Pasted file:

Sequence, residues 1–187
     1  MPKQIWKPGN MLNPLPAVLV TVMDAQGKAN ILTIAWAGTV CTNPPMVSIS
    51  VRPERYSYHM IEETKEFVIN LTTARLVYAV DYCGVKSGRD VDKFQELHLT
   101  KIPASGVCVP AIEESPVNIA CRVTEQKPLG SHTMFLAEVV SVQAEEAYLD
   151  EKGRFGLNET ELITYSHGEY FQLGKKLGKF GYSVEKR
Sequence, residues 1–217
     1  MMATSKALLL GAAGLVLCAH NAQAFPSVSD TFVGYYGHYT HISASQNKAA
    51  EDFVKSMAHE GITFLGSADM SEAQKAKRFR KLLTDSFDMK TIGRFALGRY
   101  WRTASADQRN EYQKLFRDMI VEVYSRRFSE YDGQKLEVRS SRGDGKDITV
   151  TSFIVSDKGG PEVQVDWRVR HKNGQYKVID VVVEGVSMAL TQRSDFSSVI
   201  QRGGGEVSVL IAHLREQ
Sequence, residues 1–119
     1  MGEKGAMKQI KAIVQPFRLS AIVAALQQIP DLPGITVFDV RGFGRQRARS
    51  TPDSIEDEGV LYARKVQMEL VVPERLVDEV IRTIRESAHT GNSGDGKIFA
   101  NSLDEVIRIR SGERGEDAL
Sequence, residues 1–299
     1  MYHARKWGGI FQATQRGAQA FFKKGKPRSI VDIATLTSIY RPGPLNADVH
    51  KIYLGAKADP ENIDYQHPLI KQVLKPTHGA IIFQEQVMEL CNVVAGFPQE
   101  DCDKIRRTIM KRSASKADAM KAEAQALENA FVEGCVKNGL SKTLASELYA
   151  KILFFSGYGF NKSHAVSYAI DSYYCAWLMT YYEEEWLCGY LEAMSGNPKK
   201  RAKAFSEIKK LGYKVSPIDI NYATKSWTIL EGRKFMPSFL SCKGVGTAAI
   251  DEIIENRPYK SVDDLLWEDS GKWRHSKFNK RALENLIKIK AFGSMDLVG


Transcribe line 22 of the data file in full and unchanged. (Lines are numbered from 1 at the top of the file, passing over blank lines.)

   251  DEIIENRPYK SVDDLLWEDS GKWRHSKFNK RALENLIKIK AFGSMDLVG